Wouldn't this change the setting of the current regulator instead of the voltage regulator. I'm looking at Figure 119 of TM9-1825B and it shows circuit breaker, current regulator and voltage regulator from left to right starting at the connector side... :?:
Thomas G. Arnold
Hampton, Georgia

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Post by maeserik » Thu Mar 29, 2007 12:01 am

you are right it is the voltage regulator on the right, the one with the small wirings, the middle is the current regulator

under the spring there is a nut you can turn to in- decrease the tension on the contacts more tension is higher voltage

Image

sorry wes i used one of your pics i thinck
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Post by Felix » Thu Mar 29, 2007 11:10 am

One suggestion:
If you are going to adjust the spring tension, which is an acceptable way for regulating charge, do it with the engine off and the battery ground disconnected.
Some persons do it with the engine running and battery connected so they can quickly verify the effect of the adjustment and re-adjust if necessary, but believe me, horrible things happens if you touch something that you should not have in the voltage regulator.
It may take a little longer but you’ll save yourself a headache.
I am stating the above based on my personal experience.
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Post by thomasarnold » Thu Mar 29, 2007 1:23 pm

Felix, I appreciate your advice and I will make sure to follow it! Do I have to full field the generator after every step during the voltage adjustment process in order to see if the 37 volts decrease or is there a different, maybe easier way? Thankful for every suggestion! :)
Thomas G. Arnold
Hampton, Georgia

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Post by Cuz » Thu Mar 29, 2007 8:12 pm

Just forget full fielding. It is a one time check to ensure that the generator is capable of making full rated output. The final number realized during the check is a product of RPM and electrical efficiency. We already know the generator is good to go. This has nothing to do with the proper setup of the voltage regulator assembly IAW TM 9-1825B. Just follow the detailed adjustment steps in the TM for the regulator.
Cuz (AKA Wes K)
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Post by thomasarnold » Fri Mar 30, 2007 7:30 am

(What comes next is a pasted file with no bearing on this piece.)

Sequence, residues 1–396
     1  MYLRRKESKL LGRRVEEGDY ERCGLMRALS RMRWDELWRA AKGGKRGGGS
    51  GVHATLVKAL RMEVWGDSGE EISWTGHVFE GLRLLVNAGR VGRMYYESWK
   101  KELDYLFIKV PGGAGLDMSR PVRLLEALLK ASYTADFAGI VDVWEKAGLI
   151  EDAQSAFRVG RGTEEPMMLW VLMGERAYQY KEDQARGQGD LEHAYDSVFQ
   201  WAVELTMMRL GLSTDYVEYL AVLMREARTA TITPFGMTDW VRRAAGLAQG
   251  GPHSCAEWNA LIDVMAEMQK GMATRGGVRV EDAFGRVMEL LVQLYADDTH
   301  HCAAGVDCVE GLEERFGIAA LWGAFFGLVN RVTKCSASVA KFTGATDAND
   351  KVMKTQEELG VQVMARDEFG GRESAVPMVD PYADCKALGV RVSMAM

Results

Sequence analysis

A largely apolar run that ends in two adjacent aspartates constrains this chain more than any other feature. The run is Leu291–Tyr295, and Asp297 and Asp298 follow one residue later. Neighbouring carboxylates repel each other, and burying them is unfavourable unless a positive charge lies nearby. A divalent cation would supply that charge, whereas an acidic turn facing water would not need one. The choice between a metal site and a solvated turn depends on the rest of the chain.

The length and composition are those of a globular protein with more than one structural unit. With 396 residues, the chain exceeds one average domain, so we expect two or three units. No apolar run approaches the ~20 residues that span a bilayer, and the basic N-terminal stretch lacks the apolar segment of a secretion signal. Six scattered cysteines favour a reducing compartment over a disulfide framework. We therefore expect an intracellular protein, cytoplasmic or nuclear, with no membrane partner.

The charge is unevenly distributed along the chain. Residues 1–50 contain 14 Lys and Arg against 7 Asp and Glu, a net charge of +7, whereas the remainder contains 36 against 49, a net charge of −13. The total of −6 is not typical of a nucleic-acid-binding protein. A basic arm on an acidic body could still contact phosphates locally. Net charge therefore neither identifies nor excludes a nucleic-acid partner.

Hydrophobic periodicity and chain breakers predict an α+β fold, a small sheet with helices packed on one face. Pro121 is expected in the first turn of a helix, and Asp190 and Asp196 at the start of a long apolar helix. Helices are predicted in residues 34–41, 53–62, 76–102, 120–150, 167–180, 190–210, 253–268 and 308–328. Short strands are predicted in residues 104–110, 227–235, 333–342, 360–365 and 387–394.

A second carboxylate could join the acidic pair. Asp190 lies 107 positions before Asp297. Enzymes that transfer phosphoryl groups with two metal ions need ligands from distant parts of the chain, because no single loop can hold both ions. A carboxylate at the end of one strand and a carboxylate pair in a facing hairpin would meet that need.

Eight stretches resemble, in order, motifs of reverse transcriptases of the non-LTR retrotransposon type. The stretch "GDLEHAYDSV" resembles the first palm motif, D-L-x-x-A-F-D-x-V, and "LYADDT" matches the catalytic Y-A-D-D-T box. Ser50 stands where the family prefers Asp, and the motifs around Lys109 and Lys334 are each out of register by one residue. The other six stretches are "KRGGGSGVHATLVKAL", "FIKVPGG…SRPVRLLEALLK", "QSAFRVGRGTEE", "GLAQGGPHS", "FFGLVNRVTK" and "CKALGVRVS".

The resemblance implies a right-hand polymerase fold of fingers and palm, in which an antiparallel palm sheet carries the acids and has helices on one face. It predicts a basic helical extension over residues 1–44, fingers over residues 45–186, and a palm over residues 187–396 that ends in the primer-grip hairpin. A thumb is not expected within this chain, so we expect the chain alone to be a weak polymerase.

Thanks for all the tips. I will be visiting the 7th Army Training Command in Grafenwoehr Germany for the next three weeks. The results of the regulator adjustments will be posted as soon as I'll be back and get a chance to mess with it...

Regards,
Thomas G. Arnold
Hampton, Georgia

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Post by thomasarnold » Tue Apr 24, 2007 11:01 am

Just wanted to thank everybody for the information you provided me. I finished adjusting the voltage regulator and have now a steady 27.90 volt output. Ammeter needle is now on the charging side.

Regards,
Thomas G. Arnold
Hampton, Georgia

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Post by maeserik » Tue Apr 24, 2007 12:30 pm

That is the meaning of this forum !

I also have received many good info in the past from other jeeplovers.

Erik
1942 GPW 71336 - 1951 M38 MC11891

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Post by Cuz » Wed Jun 06, 2007 9:08 am

That is the meaning of all the helpful M series Willys Jeep forums.

The G503.

the http://www.willysmjeeps.com/v2/modules.php?name=Forums

the http://autos.groups.yahoo.com/group/M38-M38A1-M606/


and many others.

The files source for the bulk of the troubleshooting data presented here is
http://www.willysmjeeps.com/v2/modules.php?name=Forums
and
http://autos.groups.yahoo.com/group/M38-M38A1-M606/
Cuz (AKA Wes K)
45 MB, 51 M38, 54 M37, 6? M101A1, 60 CJ5, 76 DJ5D & 47 T3-C

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Post by petesilfven » Wed Jun 06, 2007 3:03 pm

The voltage adjustment should be done with a fully charged battery because the voltage regulator doesn't operate until the battery is charged enough to bring the voltage up to the point at which the regulator is set. It helps to have a voltmeter that can be read while driving so one can monitor voltage and make fine adjustments.

When a regulator is adjusted on the bench, a resistor is used to simulate a fully charged battery. This provides a stable reference for adjustment.